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Research Library In Wichita Provides A Valuable Gateway To The Past

Carla Eckels/KMUW
Librarian Julia Langel works with historical data at the Midwest Historical and Genealogical Society Research Library.

The Midwest Historical & Genealogical Society Research Library is located inside a 100-year-old white house near 12th and Main. It has more than 21,000 volumes of books, records, documents and photos. KMUW’s Carla Eckels spoke with society president Rex Riley and librarian Julia Langel about what the library has to offer — and what it’s looking for.

Interview Highlights

Credit Carla Eckels / KMUW
Midwest Historical and Genealogical Society president Rex Riley holds up a photo during a monthly Photo Mystery program.

On mementos:

Julia Langel: One of the things I like to say is there’s a very fine line between clutter and local history. So when you’re cleaning out your cabinets and you're finding those school directories from 1973 and the church directories or that church history that your aunt gave you from that church that you've never been to out in western Kansas, we love those things, and we receive a lot of those. We focus primarily on Sedgwick County and Kansas and we like the old and obscure things that can help people find their families and put them in a place and a time and start to build a picture of how they lived, who their neighbors were, what they were doing, what their lives were like.

Rex Riley: Often people don’t realize that something that they see as maybe clutter and junk may have either historical or genealogical value. Things like school directories, most people go, "Oh, who would want that?" But school directories turn out to be extremely helpful.

Credit Carla Eckels / KMUW
"We like the old and obscure things that can help people find their families and put them in a place and a time to start to build a picture of how they lived," says librarian Julia Langel.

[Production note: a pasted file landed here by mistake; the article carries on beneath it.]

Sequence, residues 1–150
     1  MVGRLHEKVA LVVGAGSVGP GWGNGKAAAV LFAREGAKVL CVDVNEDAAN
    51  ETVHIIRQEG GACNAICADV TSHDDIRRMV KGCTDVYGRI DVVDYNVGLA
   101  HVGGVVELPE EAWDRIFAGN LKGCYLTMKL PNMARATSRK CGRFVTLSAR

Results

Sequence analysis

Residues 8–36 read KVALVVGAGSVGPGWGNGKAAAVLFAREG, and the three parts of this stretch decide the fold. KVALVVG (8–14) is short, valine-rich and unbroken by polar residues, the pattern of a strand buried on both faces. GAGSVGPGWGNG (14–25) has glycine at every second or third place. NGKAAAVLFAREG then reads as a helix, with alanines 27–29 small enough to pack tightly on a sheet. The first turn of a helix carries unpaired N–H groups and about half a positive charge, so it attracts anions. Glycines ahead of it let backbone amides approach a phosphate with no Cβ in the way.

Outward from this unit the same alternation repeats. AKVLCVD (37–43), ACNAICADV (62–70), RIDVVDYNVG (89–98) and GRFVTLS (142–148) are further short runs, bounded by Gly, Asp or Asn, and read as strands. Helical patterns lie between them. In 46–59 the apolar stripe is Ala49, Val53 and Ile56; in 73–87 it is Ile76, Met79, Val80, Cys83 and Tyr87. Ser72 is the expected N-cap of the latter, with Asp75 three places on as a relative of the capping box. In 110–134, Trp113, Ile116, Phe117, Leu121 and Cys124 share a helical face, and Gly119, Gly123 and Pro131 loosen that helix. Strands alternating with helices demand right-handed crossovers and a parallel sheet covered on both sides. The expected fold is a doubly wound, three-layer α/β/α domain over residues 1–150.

Cookbooks and legal records:

JL: One thing that I kind of like is those community cookbooks where a club or a school or a church had everybody contribute a recipe and they put the name of the person who contributed it. That can be really nice because, in official records, women tended to take second place. They are not represented well in property records and legal records and newspapers, but if you are trying to find out more about your great-grandmother, it can be really exciting to find her favorite cake recipe in one of those books.

On the library's photo archive:

RR: We also have, as part of our website, a [collection] of photos of people. They can go to our website and say, "That’s my great-aunt Alice."

JL: These photographs are things we have digitized. They are available on our website. You could search for Cherryvale, Kansas, and see the photos that have been taken from Cherryvale and see if you know any of those people.

Credit Carla Eckels / KMUW

Discovering families and roots:

RR: We’ve had people find their lost parents, their lost siblings, things like that, but most of the time, they’ve learned to do it on their own. It's as if we gave them a little push and showed them how to do a few things and then they are off and running, and that’s extremely gratifying to me.

JL: I love it when we are able to help someone, especially young people, connect with their family, their distant family in the past, and all of a sudden, they find something that makes that random name from 1930 into a real person who had a real barbershop, at a real address, on a real street — there’s something in their eyes when that connection happens and I think it’s really important to connect with our past and I love being part of helping them.

Carla Eckels is director of cultural diversity and the host of Soulsations. Follow her on Twitter @Eckels. To contact KMUW News or to send in a news tip, reach us at news@kmuw.org.